Kirk  yelling MOOC instead of KHAAAAAAAAAAN

This week, a monster not seen since August returned. MOOCMOOC, a MOOC about MOOCs, took over Twitter, and rampaged on Storify and The Canvas Network once again. I can only presume that the monster, temporarily sated will now hibernate for a bit while the conversations begun in the rubble continue on, evolving through new networks into new discussions.

Introducing the MOON

the MOOCMOOC monster with the caption Ceci n'est pas une lune

MOOCMOOC in not a MOON (yet).

The ideal end for a MOOC is a MOON: a Mass of Open Online Networks. I say a Mass rather than borrowing Massive from MOOC because a truly massive number of participants would be difficult to maintain in a single network and because participants with different needs and interests will tend to self-organize into networks with different concerns. Open and online I have kept because the boundaries of these networks should remain open to new voices and because, even though it is entirely possible to meet people one knows online in person, the networks that form are unlikely to exist in a single region—and if they do, then we need to ask why.

Diverse Learners, Diverse Needs: MOOCs and Access

Learners in different parts of the world will have different needs: languages, time zones, and access to technology vary. These kinds of concerns were central to this week’s MOOCMOOC. During the first one, one of the major concepts to emerge was the possibility of MOOCification, adding MOOC-like elements to a more traditional class. MOOCMOOC I was, at least for me, mostly about exploring the possibilities of MOOCs; this time, the conversation seemed to focus much more on meeting the specific needs of diverse learners. This focus occurred at least in part because of some new participants finding the de-centralized form of MOOCMOOC challenging. Because most of these would-be learners seemed genuinely interested in engaging with MOOCMOOC, their difficulties served as an important reminder that not everyone has the skills, digital and otherwise, to clear their own learning paths.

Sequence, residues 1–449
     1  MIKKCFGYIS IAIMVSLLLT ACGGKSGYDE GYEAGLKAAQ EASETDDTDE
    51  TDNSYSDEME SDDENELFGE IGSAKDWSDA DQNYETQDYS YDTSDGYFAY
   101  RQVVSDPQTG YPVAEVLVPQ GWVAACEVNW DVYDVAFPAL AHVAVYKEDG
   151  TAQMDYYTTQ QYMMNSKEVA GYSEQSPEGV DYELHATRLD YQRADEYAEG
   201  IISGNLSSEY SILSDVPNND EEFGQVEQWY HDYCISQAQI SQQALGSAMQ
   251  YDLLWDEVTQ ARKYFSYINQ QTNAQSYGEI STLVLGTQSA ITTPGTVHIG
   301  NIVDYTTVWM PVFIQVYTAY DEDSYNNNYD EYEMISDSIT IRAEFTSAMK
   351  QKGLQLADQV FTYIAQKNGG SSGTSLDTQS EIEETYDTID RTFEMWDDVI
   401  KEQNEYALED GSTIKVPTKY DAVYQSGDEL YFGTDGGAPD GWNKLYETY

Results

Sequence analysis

The conversation about learner needs this week was, however, broader than that:

I still think that the best use of MOOCs in higher education is as a way to hybridize the classroom and create assignments that are more meaningful because they exist outside the classroom. If the MOOCs successfully develop into MOONs, then student participation in these happenings will also help them transition to becoming lifelong (co-)learners. I come away this week with a stronger sense of what needs to be addressed (whether by facilitators or by other participants) in order to make those MOOCs and MOONs as diverse as possible.

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